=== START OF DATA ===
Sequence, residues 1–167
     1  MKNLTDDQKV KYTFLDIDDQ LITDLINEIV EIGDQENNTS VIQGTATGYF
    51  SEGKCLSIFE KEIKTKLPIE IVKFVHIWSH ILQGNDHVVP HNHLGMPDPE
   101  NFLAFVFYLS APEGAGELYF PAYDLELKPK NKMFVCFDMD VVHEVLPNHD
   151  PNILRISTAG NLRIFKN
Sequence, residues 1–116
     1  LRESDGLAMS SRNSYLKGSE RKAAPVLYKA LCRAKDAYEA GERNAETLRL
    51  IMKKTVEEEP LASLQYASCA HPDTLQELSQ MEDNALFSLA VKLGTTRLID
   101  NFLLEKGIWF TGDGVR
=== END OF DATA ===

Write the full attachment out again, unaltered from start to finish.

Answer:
Sequence, residues 1–167
     1  MKNLTDDQKV KYTFLDIDDQ LITDLINEIV EIGDQENNTS VIQGTATGYF
    51  SEGKCLSIFE KEIKTKLPIE IVKFVHIWSH ILQGNDHVVP HNHLGMPDPE
   101  NFLAFVFYLS APEGAGELYF PAYDLELKPK NKMFVCFDMD VVHEVLPNHD
   151  PNILRISTAG NLRIFKN
Sequence, residues 1–116
     1  LRESDGLAMS SRNSYLKGSE RKAAPVLYKA LCRAKDAYEA GERNAETLRL
    51  IMKKTVEEEP LASLQYASCA HPDTLQELSQ MEDNALFSLA VKLGTTRLID
   101  NFLLEKGIWF TGDGVR